The mixed emotions that come with cancer pile up. But so do the blessings, something I never understood about cancer. People who have been merely acquaintances now sincerely whisper, “How is he?” Friends drop off food. A neighbor mows and edges our lawn every week and refuses payment (and we have a lot of lawn).  Family and even Facebook friends offer love and prayers and fastings. My mother spends hours on the phone with me, weathering my emotional roller coaster states. The teenager up the street sits with the kids and I during sacrament meeting when Trevor is feeling too sick to come. We get cards in the mail from folks we haven't seen since college. Co-workers, past and present, send care packages. The neighbor across the street brings Trevor a pair of leather chaps for his bike. Another neighbor runs over eggs to a sister in law who comes to tend kids and makes cookies only to discover I am out of nearly every staple that should be in a pantry or fridge. Friends come from St. George to visit and help me run a household I am virtually now running by myself because most of Trevor's energy is spent working in the day.  A phenomenal photographer we don't even know offers to take our family pictures at no charge. I am only scratching the surface--there have been more acts--big and little, too many to name.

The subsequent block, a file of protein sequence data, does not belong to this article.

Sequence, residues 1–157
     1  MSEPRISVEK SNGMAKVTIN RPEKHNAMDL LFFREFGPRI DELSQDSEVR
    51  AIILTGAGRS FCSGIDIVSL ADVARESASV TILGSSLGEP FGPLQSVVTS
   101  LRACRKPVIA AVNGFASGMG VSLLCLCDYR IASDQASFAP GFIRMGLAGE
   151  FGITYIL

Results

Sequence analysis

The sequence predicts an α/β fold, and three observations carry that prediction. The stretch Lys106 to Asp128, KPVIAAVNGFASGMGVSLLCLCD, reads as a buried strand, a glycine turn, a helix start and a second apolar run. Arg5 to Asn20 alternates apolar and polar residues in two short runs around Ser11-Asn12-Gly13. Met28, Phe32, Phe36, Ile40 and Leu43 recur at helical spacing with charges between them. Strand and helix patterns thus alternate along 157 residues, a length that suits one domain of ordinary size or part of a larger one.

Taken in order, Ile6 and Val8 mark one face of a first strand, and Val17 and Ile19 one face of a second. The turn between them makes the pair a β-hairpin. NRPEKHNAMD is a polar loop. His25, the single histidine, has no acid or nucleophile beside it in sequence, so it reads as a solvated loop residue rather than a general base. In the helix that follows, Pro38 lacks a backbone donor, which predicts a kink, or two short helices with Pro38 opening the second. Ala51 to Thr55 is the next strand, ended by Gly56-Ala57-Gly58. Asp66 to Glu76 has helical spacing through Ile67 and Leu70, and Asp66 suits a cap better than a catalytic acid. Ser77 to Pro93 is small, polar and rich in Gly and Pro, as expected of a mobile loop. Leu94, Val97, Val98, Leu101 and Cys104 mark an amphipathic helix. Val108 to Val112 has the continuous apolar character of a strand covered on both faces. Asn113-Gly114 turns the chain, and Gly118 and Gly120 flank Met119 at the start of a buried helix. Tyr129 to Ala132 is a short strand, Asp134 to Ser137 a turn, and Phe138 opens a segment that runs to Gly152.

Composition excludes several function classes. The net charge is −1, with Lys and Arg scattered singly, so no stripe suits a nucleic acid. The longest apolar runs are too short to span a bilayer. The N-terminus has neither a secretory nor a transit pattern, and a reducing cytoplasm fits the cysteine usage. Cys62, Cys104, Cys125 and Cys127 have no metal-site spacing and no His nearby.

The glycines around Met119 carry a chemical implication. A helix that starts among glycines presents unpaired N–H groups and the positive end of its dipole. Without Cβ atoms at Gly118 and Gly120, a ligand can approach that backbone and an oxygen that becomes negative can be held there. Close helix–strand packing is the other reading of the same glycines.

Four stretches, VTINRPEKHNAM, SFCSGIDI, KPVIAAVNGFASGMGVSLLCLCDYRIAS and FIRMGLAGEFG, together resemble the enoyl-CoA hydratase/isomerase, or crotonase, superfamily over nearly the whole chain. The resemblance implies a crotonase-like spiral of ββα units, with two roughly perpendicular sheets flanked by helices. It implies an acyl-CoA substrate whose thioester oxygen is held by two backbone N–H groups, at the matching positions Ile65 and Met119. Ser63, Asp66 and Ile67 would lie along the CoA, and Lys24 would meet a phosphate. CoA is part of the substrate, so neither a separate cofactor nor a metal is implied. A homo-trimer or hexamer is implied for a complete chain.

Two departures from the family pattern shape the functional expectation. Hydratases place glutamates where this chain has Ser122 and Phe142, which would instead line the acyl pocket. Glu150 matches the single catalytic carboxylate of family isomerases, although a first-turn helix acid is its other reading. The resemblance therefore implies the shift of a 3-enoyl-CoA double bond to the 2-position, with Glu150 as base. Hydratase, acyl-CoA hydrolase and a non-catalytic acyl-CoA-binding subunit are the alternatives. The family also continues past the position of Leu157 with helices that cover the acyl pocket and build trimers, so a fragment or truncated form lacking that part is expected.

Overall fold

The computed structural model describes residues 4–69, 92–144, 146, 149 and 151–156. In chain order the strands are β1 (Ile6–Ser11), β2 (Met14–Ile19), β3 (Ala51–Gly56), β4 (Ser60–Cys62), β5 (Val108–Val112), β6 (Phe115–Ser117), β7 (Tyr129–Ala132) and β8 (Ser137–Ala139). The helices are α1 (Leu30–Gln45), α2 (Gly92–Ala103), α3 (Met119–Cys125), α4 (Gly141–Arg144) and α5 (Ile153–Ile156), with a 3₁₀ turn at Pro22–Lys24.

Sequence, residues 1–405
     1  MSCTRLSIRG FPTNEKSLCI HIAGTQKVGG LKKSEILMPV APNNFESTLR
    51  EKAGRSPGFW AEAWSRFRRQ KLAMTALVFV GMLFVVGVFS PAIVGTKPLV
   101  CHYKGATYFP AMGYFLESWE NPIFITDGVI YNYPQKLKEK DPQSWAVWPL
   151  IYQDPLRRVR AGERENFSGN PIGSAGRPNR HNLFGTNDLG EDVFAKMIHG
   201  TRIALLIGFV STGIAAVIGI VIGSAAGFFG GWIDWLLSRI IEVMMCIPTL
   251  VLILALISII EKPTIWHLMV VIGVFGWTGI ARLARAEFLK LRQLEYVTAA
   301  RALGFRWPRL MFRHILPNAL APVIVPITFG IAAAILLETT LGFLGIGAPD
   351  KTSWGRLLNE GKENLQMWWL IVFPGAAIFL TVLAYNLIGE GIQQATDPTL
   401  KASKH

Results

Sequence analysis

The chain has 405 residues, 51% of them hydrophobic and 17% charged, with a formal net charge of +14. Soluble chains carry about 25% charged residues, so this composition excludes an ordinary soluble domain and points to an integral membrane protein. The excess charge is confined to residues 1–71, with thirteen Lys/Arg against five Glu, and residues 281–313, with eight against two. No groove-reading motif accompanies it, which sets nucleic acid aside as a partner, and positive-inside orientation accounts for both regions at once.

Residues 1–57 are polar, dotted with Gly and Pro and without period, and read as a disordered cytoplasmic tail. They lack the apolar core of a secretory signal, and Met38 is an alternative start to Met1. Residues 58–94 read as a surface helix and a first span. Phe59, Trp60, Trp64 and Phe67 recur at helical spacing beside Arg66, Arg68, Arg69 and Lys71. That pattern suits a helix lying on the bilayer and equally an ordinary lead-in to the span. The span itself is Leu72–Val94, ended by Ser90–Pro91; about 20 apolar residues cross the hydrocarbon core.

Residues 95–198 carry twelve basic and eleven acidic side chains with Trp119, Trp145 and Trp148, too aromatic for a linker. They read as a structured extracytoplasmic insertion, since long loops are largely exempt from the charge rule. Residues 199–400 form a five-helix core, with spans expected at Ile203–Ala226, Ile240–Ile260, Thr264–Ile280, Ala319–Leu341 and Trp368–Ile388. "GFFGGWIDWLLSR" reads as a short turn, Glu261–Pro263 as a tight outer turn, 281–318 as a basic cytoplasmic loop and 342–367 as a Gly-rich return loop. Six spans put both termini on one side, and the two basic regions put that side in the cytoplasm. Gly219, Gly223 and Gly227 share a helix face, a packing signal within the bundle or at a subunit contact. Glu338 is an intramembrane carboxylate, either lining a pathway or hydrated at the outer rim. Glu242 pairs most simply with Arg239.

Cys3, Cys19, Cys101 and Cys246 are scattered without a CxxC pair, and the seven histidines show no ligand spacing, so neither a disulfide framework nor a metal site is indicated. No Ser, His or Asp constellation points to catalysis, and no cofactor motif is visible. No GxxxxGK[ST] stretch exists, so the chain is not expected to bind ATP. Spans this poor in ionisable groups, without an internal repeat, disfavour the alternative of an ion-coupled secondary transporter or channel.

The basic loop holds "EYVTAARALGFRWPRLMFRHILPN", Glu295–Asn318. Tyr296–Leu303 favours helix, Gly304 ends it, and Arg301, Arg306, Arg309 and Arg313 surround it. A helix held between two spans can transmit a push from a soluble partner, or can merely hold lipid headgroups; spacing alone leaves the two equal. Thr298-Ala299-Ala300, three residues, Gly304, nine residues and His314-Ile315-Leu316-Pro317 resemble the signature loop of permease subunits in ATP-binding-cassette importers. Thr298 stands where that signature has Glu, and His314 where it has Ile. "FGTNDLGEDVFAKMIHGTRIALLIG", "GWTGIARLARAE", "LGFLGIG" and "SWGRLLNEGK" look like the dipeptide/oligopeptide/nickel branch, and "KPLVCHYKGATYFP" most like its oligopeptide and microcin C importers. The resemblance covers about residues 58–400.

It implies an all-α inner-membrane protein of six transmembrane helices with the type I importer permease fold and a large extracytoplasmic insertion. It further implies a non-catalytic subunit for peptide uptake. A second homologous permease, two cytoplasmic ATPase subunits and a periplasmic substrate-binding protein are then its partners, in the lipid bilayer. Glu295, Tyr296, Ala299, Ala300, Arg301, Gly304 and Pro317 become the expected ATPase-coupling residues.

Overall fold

Just when I think I will crumble, these human angels--you human angels--pick me up. And I know you lift Trevor as well.

The essence of cancer simply is that it is inherently unpredictable.

In January when Trevor's tumor started to grow again there was new grief, new disbelief, new decisions, after we had been lulled into thinking he had won this battle seven years ago. 

Then yesterday we learned things might be better than we all thought.  Now all those who love him will stand by him again. I will do my best push away fear and anxiety, and hope--ever so cautiously--once again, for a miracle.

Until then? We’ll hug, laugh, cry, and maybe argue about the way he leaves his jeans on the closet floor....and we will keep checking off that bucket list....which is why we are getting on a plane one week from today. :)  

Friday, June 13, 2014

Knocking Off the Bucket List

Our everyday wonderfuls continue to be wonderful.